Lawyers Concerned For Lawyers: Executive funk

Issue January/February 2018 By Dr. Jeff Fortgang


I think I’m actually a very capable lawyer (doing largely criminal defense, but also some family law) — that is, I come up with creative and on-point strategies, and I form a good initial relationship with my clients. Unfortunately, I’ve gotten myself into some trouble with the board because of what I’d regard as foolish and superficial errors, and I’m feeling pretty bad about it. For example, I made a misstatement of facts because I had overlooked a simple bit of research. In another case, I was a couple of days late for an appeal filing simply because I’d gotten wrapped up in another case that was rather interesting but less urgent. My wife did some reading, and tells me she has figured out that my problem is with executive functioning. Does that sound right? Is there something I can do about that?


Psychologists have long used the term executive function to refer to what you might think of as the “adult” part of your brain: in charge of planning, getting an overview, keeping multiple images and thoughts in your head, inhibiting expression of emotion at inappropriate times, weighing pros and cons of decisions, etc. This capacity is in some contrast to equally important other sides of a person, like venting feelings, spontaneity, creativity, improvisation, and, perhaps, joie de vivre.

Life would be boring and maybe even robotic if all we had was executive function, but things can get out of control without it. You mention that you are good at developing creative strategies — probably by thinking “outside the box,” and that’s a good thing. On the other hand, with no one around to think “inside the box,” you are losing track of timing, priorities and important details. These different capacities are handled by different parts of your brain, and you need both. 

On the other hand, it’s natural to be stronger in some faculties and weaker in others. We don’t necessarily expect an actuary to be the next Jackson Pollock (although I’m sure it could happen), and we’re not surprised when rock musicians haven’t kept good track of their taxes. Although executive function problems can be found in a number of clinical conditions, they are probably most closely associated with attention deficit hyperactivity disorder, or ADHD (so-called even though it can come with or without the hyperactivity). Some authors regard ADHD as essentially a disorder of executive function, while others regard them two conditions as separate but overlapping. 

While one thinks of stimulant medications to help with some of the other features of ADHD, such as distractibility, impulsivity and hyperactivity (although even for ADHD these medications are not universally effective), when it comes to the kinds of executive function problems that you describe in your practice, I would think first of (a) coaching and (b) relying on others who are by nature more organized. The purpose of coaching would be to help you develop and consistently implement techniques designed to compensate for your executive function. Simple examples of such techniques might be daily rituals (e.g., “I always do this first before I do that”) and checklists. (As physician-author Atul Gawande has described, even the most talented surgeons were found to make safety errors and showed vast improvement when they were able to accept the utility of simple checklists to help them remember small but important tasks.)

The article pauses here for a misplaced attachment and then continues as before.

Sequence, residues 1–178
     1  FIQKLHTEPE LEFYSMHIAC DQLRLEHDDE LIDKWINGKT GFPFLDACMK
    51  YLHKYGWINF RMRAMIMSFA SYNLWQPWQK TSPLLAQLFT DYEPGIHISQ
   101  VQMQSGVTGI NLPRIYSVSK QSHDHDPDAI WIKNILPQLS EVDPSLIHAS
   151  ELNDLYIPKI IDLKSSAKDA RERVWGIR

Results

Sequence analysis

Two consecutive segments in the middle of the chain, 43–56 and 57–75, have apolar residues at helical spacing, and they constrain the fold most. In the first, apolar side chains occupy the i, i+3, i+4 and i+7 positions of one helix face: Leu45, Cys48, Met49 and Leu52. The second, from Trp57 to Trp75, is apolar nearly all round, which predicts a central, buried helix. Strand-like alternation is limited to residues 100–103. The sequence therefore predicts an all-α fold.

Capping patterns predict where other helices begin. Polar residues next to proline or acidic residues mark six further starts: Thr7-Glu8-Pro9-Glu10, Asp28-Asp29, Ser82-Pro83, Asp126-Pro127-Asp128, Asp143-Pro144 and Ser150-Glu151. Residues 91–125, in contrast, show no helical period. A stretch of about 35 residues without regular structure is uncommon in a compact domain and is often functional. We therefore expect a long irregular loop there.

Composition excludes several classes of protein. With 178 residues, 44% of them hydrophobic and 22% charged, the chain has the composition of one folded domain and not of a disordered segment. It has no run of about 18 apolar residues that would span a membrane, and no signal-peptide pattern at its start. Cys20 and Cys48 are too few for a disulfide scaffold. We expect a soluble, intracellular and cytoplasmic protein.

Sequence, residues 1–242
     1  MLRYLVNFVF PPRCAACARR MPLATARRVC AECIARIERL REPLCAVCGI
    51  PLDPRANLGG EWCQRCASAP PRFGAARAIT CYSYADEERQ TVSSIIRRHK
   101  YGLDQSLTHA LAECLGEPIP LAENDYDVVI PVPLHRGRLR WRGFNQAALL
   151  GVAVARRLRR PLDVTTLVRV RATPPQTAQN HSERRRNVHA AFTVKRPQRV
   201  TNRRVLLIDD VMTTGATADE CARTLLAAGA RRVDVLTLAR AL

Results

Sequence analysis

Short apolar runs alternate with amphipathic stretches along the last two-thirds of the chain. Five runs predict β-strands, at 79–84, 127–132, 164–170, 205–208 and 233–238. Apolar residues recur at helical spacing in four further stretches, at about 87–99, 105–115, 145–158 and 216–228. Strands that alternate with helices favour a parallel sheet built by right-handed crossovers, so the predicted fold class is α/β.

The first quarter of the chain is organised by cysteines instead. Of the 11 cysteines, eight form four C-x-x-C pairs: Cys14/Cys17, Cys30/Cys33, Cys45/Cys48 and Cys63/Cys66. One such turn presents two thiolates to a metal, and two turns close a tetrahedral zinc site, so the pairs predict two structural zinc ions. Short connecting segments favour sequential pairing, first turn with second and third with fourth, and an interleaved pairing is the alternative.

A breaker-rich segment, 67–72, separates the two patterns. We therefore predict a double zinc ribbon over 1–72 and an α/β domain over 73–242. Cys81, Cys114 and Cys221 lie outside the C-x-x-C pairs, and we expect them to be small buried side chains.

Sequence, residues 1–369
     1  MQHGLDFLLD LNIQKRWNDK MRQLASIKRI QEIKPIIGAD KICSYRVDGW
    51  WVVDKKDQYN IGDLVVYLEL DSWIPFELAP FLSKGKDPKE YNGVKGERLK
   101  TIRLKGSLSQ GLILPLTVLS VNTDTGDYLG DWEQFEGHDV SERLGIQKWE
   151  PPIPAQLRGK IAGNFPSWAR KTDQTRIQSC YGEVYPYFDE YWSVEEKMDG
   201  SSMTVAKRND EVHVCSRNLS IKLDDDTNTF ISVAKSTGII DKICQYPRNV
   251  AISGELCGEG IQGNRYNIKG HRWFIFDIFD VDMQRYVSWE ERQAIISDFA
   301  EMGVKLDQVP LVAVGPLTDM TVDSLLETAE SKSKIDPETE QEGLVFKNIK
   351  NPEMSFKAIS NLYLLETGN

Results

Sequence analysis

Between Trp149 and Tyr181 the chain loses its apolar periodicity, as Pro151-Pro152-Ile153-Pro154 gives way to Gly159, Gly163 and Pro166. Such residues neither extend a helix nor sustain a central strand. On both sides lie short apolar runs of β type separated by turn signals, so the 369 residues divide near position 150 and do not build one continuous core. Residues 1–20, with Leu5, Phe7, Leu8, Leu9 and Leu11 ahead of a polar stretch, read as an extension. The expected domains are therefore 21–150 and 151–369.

Relying on others may be an even more powerful tool, when used in a systematic way. You don’t say whether you work solo or in a firm, but having someone in a position of assistance to organize materials for you, remind you of steps that have not been taken, keep track of scheduling and chronological priorities, etc., can be invaluable.

While software with alert systems can be a boon to lawyers in general, there is a good chance it won’t be sufficient for you, unless utilized by someone else on your behalf. Of course, there are obstacles to developing this kind of constructive reliance. Solo practitioners often feel they cannot afford an assistant (although such a person might well pay for him- or herself through increased productivity and timely billing), and lawyers, in general, tend to avoid assuming a help-seeking position. But if you can find a way past those concerns, the right kind of auxiliary assistance can allow you to focus on your strengths — even a virtuoso concert pianist needs someone else to turn the pages and, probably, to remember to bring the sheet music. 

Dr. Jeff Fortgang is a licensed psychologist and licensed alcohol and drug counselor on staff at Lawyers Concerned for Lawyers of Massachusetts, where he and his colleagues provide confidential consultation to lawyers and law students, and offer presentations on subjects related to the lives of lawyers. Q&A questions are either actual letters/emails or paraphrased and disguised concerns expressed by individuals seeking LCL’s assistance. Questions may be emailed to